I had been waiting so keenly to see this. The book was of the ‘can’t put down’ variety and the prospect of reliving it on the screen was a juicy one. Halfway through, however, I realised that my enjoyment had been blunted because I knew everything that was about to happen, which makes it impossible to be fully immersed in what is a classic thriller – it was like watching a footy replay. In writing the script, Gillian Flynn has made virtually no changes to her best-selling novel (for no obvious reason the black defence lawyer is now a man rather than a woman), even lifting some passages of dialogue directly from the page to the screen. It is a dark and discomfiting mystery that sheds a brutal light on not just the way that public perceptions are so shallow and easily manipulated, but also, most scathingly, on how, as individuals, we can be entirely self-serving, deceitful and, ultimately, unknowable. The movie also has a shockingly visceral scene linking sex with death that you won’t forget in a hurry.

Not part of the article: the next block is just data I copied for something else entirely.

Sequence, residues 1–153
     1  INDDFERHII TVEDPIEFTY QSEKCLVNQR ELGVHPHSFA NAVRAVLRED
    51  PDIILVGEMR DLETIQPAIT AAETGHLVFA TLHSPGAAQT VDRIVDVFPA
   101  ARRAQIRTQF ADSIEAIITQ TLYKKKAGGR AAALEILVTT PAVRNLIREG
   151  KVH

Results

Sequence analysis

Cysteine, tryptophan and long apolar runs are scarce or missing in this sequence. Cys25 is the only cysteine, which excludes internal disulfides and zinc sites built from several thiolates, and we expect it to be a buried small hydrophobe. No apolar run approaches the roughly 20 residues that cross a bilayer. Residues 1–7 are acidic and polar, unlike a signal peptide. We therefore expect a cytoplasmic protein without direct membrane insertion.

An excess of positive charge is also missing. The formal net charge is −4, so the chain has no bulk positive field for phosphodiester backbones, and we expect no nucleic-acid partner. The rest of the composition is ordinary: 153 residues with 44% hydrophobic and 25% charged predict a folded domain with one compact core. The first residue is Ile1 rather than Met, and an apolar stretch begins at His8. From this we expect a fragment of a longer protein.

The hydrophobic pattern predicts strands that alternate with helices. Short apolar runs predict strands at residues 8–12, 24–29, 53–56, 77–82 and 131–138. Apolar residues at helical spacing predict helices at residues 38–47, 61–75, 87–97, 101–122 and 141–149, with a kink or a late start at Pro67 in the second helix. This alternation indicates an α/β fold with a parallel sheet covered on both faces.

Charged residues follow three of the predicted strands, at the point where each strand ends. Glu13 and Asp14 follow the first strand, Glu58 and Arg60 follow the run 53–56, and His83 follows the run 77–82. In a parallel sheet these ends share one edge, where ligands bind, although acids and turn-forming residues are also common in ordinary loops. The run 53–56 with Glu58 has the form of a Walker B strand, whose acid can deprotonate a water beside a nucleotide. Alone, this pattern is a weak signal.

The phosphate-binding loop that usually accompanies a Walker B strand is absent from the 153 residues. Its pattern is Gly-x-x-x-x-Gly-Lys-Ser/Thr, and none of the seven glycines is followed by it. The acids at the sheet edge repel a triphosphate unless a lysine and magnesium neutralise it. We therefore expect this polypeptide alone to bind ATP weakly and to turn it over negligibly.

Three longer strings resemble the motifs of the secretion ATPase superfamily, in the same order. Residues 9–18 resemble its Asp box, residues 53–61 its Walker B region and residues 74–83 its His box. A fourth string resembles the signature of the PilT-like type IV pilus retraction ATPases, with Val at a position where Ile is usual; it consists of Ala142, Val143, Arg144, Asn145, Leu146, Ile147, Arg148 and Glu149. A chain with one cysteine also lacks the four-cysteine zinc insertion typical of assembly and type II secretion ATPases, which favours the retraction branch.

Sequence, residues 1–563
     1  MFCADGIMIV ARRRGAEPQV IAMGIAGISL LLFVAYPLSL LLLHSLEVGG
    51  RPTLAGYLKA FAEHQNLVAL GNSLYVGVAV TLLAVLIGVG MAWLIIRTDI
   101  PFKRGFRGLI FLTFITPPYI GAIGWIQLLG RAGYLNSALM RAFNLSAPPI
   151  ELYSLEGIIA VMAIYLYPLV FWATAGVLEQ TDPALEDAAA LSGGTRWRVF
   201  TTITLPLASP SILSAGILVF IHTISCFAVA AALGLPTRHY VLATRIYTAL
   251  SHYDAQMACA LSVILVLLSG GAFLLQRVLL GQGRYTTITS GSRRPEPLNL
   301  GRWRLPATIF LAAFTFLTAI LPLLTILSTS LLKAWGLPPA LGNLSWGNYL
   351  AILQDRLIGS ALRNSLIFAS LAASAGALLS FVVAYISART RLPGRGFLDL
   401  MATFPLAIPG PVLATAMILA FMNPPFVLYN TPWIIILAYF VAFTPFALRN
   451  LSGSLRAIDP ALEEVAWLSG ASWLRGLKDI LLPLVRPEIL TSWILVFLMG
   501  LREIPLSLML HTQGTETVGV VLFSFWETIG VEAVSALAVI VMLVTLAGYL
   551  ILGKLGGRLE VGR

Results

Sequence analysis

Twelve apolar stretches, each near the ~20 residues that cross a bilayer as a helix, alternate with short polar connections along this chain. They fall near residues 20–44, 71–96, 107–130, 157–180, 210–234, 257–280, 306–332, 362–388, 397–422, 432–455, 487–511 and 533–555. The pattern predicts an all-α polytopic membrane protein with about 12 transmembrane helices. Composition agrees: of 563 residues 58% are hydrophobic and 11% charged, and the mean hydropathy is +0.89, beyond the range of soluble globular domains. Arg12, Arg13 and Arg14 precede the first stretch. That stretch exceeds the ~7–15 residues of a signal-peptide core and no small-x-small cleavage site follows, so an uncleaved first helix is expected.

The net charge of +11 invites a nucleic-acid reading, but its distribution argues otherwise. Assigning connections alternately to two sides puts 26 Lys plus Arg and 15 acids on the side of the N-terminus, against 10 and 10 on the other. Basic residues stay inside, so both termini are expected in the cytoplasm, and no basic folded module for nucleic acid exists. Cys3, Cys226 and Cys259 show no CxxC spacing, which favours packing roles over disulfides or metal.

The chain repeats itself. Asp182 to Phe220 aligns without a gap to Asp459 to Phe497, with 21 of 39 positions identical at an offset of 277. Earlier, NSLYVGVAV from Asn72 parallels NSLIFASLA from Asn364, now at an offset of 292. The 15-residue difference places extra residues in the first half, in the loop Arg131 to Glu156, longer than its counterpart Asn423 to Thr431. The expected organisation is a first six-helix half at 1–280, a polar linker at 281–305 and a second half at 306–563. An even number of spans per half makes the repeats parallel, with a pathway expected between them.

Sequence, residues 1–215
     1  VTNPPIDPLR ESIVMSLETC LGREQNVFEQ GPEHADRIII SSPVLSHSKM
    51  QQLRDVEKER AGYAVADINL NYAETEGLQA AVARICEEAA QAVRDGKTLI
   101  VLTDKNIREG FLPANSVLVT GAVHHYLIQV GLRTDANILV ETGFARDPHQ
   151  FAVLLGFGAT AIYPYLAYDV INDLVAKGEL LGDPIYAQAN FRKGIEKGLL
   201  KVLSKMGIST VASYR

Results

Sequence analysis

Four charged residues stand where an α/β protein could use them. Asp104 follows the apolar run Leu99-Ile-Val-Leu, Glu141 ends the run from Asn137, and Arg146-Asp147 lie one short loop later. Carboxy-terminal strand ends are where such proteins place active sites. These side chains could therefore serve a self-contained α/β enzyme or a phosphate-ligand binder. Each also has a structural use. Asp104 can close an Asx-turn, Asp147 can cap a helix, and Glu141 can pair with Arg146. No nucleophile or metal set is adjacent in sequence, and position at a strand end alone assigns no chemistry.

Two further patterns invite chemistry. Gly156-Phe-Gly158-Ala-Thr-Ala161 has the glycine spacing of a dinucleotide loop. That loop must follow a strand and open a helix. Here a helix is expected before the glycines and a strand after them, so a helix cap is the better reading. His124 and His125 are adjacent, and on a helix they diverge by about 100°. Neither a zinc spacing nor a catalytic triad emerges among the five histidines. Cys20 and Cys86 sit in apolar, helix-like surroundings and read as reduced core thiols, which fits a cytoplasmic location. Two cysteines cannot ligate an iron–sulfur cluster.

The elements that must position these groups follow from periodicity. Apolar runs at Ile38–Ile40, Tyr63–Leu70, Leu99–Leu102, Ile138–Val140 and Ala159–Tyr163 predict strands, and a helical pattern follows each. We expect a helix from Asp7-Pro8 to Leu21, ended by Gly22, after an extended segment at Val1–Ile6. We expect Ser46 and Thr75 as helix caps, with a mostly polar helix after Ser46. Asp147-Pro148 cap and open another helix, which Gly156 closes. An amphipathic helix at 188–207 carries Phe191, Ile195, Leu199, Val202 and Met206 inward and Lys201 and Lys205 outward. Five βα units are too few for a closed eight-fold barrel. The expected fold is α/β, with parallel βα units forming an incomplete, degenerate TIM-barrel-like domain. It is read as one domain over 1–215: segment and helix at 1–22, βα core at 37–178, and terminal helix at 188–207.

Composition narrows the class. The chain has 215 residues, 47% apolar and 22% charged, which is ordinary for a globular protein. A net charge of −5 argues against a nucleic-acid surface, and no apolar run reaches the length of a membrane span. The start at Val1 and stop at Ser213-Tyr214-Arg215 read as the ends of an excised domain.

The perfect marriage of Nick (Ben Affleck) and Amy (Rosamund Pike) starts to unravel when circumstances force the couple to re-locate from New York to Nick’s native Missouri. Silvertail Amy is a fish out of water in her new surrounds, while Nick becomes increasingly aware that the bar set for him by Amy is too high – they are living a lie. Out of the blue one morning, Amy disappears and Nick is suspected of foul play. The complex structure of the novel, employing flashbacks and jumps from the search and investigation to Amy’s diary entries and whereabouts is seamlessly handled by director David Fincher, although I found the plot-points a little more far-fetched than I’d thought them to be in the reading. Essentially, it is Amy’s story and Pike does a brilliant job of portraying her multifaceted, driven personality, while Affleck’s perceptiveness adds flesh to the bone of a character who was initially a secondary player. If neither of them is likeable, both are uncomfortably true. Unmissable.